Trump's Revenge: DOJ Demands CNN Sale To Approve AT&T Deal; CEO Denies Offering Sale

Update 2: The plot thickens. As The Hill reports, AT&T and Time Warner offered to divest CNN, however the DOJ Antitrust Division flatly rejected the proposal, Justice Department sources said. But AT&T CEO Randall Stephenson said in a statement Wednesday afternoon that he was not entertaining the idea of selling CNN from the combined company:

“Until now, we’ve never commented on our discussions with the DOJ," Stephenson said. "But given DOJ’s statement this afternoon, it’s important to set the record straight. Throughout this process, I have never offered to sell CNN and have no intention of doing so.”

Earlier Bloomberg also reported that AT&T offered to sell CNN (which was rejected by the government), while another person said the Justice Department brought up the idea of divesting either DirecTV, the satellite provider, or Turner Broadcasting, which includes CNN, TNT and TBS.

As Bloomberg notes, the conflicting views highlight just how far apart the two sides are in getting a deal done and the risk that talks could hit an impasse. Without an agreement, the Justice Department would sue to block the merger, as soon as next week, one Bloomberg source said. The agency is concerned that AT&T’s ownership of Time Warner content could raise the costs of its pay-TV rivals, according to one of the people.

Bloomberg aldo adds that it’s not clear if AT&T would be willing to part with anything it’s acquiring from Time Warner. The company has said it considers CNN, the news network that has been a lightning rod for President Donald Trump, a prize asset, and the company also considers properties such as the Warner Bros. studio, HBO, TNT and TBS essential, people familiar with the matter said.

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Update: Fox News is reporting that CBS has expressed some interest in buying CNN.

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After the DOJ's antitrust division let it be known that it was preparing to file an antitrust lawsuit to block the AT&T-Time Warner merger, something that President Donald Trump famously insinuated might happen during the campaign, it appears a week of rushed negotiations with the DOJ and the two companies has yielded a compromise.

And unsurprisingly, the DOJ is requesting that Time Warner sell CNN - the network that Trump has repeatedly bashed and labeled as "fake news" - as part of a deal that would allow the merger to move forward, the Financial Times reported. However, that isn't the only condition; the DOJ is apparently taking a hard line with the merger, in accordance with Trump's publicly expressed wishes.

AT&T has been told by the US Department of Justice that it needs to sell CNN, Time Warner’s cable news channel, to get its $84.5bn acquisition of the media company approved, according to three people with direct knowledge of the negotiations.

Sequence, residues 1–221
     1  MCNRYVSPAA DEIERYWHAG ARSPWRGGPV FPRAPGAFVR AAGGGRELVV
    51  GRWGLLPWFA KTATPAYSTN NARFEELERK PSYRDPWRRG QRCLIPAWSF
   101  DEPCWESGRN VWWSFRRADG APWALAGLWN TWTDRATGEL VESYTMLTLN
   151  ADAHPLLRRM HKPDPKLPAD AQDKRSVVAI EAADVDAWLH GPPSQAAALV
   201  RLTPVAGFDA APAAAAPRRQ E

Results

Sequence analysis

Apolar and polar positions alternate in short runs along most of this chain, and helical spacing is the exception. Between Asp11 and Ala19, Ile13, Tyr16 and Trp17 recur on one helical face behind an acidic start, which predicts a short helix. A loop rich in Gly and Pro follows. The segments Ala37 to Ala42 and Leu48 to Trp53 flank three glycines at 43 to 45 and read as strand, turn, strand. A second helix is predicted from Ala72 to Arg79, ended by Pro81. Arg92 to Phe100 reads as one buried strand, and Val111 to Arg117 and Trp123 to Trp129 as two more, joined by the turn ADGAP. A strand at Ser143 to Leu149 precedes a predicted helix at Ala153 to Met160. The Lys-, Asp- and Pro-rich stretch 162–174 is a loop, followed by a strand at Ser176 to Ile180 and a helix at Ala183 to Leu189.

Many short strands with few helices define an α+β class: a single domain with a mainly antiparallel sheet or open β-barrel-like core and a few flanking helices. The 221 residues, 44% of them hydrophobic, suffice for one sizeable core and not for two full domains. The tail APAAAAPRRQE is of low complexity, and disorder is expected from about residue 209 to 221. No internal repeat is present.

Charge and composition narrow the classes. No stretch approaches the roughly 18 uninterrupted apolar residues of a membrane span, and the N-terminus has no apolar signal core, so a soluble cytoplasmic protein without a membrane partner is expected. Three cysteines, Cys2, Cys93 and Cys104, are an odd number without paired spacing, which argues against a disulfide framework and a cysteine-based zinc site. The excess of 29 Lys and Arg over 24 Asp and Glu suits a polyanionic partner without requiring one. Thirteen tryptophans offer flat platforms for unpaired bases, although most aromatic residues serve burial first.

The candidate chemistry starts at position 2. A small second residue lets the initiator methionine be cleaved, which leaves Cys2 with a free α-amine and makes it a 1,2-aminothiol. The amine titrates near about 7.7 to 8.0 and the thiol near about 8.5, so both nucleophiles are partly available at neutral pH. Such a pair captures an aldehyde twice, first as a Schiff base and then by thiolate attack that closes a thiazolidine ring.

The sale of CNN, which President Donald Trump has fiercely criticised as “fake news”, is just one of the demands being made by the US antitrust authority in order to sign off on the deal, those involved in the talks said. But it could prove a stumbling block. 


AT&T is opposed to selling the TV network and is preparing to take the Trump administration to court, arguing the deal with Time Warner does not pose any competition violations.


“It’s all about CNN,” said one person with direct knowledge of the talks between the company and the DOJ, adding that the regulator made it clear to AT&T that if it sold CNN the deal would go through.

As recently as a week ago, the two companies said they still expected the merger to close despite reports of DOJ's opposition. Their expected timeline had the deal closing by year-end. But John Stephens, AT&T's chief financial officer, told a New York investor conference on Wednsday that "the closing of the deal is now uncertain," which sent Time Warner shares tumbled and AT&T shares moving higher. Similars moves played out Wednesday after news about the deal's conditions broke.

Trump isn't the only one who's raised his hackles about the deal. Consumer groups, wary of the consolidation of content creators and distribution networks, had advocated that Time Warner spin off CNN. One CNBC commentator speculated that selling CNN wouldn't be a problem for AT&T because it's not the core asset that the mobile provider wanted out of the deal.

The conditions represent a change of heart fo Makan Delrahim, the new head of the justice department’s antitrust division, who has been more conciliatory, saying before taking office that he did not believe the merger posed a “major antitrust problem”.

“The sheer size of it, and the fact that it’s media, I think will get a lot of attention,” Mr Delrahim told a Canadian TV station in 2016 after the AT&T deal with Time Warner was announced. “However, I don’t see this as a major antitrust problem."

People with direct knowledge of the antitrust negotiations confirmed to the FT that Delrahim had changed his view since taking office. The deal was originally set to expire last month but AT&T last week extended its termination deadline “for a short period” while it waited for approval from US regulators.